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Eddie Adams’s Photo of Shooting a Viet Cong Prisoner

Introduction

Expressing emotions and impressions from looking at a photo can be quite a difficult task. This statement could be arguable because the main goal of such work is to have the people go through some sort of visual analysis. However, such analysis could stay private, rather than being described in one’s own words. In that sense, John Updike was brilliant in writing about art and especially about the inner lives of the people depicted in the pictures. Similarly, this paper attempts to analyze a specifically chosen photo, showing the way it could pertain to my life or my ideas. The chosen photo, although being controversial, depicts a Viet Cong officer being shot in the head by the Pulitzer Prize-winning photographer Eddie Adams, available at http://www.projo.com/blogs/shenews/photos/ngoc2.jpg.

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Viet Cong officer being shot in the head by the Pulitzer Prize-winning photographer Eddie Adams
Figur 1. Viet Cong officer being shot in the head by the Pulitzer Prize-winning photographer Eddie Adams

Description

The photo is a black and white image of a Vietnamese General pointing a gun at another hand-cuffed Viet Cong officer. The picture was taken on the first of February, 1968, with seconds away from the execution freezing a moment that assuming defined the fate of all the participants of this photo, including the photographer, Edie Abrams. The picture shows the Viet Cong officer, who was obviously tortured prior to the execution, with a beaten and deformed face. The general, on the other hand, is fully emotionless with a cold expression that points to his experience in repeating the procedure.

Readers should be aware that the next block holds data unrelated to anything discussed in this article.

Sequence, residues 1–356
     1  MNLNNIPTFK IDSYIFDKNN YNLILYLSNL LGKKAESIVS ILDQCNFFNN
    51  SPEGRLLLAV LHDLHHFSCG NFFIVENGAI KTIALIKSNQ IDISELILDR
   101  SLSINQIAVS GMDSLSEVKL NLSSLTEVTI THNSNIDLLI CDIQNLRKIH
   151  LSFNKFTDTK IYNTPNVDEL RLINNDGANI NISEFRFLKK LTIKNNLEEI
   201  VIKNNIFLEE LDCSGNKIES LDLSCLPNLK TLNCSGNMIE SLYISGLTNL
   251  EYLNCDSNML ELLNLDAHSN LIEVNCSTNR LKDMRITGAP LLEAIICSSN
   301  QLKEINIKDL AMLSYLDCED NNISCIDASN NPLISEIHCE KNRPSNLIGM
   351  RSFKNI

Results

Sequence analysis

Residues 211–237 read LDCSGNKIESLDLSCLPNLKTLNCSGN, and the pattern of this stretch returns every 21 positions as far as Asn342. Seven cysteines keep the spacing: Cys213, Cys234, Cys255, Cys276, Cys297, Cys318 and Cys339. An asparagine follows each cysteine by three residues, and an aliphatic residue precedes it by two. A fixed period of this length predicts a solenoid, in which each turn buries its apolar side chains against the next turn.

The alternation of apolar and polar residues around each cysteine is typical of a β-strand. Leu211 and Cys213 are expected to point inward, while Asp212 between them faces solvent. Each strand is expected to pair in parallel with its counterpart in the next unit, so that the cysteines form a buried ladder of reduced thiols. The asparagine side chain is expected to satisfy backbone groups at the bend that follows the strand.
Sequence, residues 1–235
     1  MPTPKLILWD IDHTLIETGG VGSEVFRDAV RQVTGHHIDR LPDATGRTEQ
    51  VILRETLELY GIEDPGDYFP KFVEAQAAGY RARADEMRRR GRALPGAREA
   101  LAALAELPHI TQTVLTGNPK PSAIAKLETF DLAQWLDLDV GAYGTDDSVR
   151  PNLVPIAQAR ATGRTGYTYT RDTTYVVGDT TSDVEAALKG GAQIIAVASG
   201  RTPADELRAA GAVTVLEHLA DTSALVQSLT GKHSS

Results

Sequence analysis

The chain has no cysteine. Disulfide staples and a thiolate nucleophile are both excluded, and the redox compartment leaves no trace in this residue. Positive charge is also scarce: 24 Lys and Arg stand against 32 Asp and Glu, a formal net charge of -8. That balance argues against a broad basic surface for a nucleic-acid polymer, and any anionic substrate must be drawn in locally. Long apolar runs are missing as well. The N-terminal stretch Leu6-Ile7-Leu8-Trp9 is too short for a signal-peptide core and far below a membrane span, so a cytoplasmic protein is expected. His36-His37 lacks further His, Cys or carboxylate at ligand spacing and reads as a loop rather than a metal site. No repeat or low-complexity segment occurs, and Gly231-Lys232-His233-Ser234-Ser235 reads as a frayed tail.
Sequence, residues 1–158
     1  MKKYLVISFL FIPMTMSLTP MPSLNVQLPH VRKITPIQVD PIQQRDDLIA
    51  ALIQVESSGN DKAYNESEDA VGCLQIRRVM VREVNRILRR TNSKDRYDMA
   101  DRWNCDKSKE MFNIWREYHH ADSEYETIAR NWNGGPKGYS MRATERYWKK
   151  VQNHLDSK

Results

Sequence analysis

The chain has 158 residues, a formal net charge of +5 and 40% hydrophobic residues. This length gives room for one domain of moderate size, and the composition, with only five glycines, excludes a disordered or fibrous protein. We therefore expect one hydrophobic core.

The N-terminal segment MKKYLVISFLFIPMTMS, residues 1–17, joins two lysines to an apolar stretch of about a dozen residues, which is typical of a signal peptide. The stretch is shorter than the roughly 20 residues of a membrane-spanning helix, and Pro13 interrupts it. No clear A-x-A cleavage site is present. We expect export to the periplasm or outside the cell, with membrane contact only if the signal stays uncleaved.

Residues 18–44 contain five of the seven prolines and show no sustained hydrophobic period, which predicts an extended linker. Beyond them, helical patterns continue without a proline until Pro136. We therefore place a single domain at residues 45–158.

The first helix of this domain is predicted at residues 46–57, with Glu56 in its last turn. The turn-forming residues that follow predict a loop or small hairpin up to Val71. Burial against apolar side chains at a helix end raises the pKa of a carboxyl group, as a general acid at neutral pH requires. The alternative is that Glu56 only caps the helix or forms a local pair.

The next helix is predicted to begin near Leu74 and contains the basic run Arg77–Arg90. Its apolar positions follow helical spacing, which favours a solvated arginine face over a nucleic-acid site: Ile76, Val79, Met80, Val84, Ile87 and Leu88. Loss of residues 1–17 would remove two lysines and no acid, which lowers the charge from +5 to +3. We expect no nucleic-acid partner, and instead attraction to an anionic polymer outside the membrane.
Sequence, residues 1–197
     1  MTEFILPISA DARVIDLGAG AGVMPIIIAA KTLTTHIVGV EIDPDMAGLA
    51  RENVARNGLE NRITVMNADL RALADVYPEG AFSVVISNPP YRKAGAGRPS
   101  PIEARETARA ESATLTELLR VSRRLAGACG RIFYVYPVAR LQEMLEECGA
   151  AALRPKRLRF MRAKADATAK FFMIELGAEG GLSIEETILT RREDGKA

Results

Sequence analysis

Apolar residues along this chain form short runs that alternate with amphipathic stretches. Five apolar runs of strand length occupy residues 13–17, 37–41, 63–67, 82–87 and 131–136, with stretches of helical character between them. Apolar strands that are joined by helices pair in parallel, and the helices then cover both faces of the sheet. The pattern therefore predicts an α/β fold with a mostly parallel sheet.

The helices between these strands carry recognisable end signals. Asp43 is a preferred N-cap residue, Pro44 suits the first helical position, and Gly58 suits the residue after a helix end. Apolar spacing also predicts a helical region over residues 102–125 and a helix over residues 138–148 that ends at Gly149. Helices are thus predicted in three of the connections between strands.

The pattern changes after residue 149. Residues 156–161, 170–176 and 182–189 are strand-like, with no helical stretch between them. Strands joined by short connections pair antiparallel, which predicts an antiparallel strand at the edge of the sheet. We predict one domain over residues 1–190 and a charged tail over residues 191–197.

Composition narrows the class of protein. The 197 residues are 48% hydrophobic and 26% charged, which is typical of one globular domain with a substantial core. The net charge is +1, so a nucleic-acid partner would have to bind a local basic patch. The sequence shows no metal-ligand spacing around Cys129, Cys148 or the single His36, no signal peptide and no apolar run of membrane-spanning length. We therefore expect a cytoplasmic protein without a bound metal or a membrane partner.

First impression

This picture was chosen with an intention to bypass any information regarding the background of the depicted horrible action. The first impression that comes to mind is that no matter how hard the people describe and justify the horrors of the war, it is not something that any ordinary person can get used to. The picture resembles death all over its details. Death in the obviously empty streets, death in the look of the executioner, death in the half-closed eyes of the victim, and death in the whole timeline that preceded or followed that frozen moment. The impressions are contradictory, as are the impressions on the faces of both participants; the first one is a pity to the victim, and to his life that was abruptly ended with a pull of a trigger, the second one is fear, where it covers everything such as the fear of the depicted general, the fear that such image becomes ordinary, and the fear of the country the tragedies of the war can result in the punishment or revenge being executed openly and without a sense of doubt. Another contradiction is witnessed with the stereotype that an action like that being performed at night, in a hidden place, is somewhat contradicting the photo where it was done in the daylight, and on the street.

In His shoes

Being related to the person being shot is hard without knowing the background of the person depicted, therefore after research, it turned out that the person being shot is a war criminal, and assumingly deserved his fate. It could be agreed with Updike, that watching a depiction of something and feeling it, could be expressed in different ways.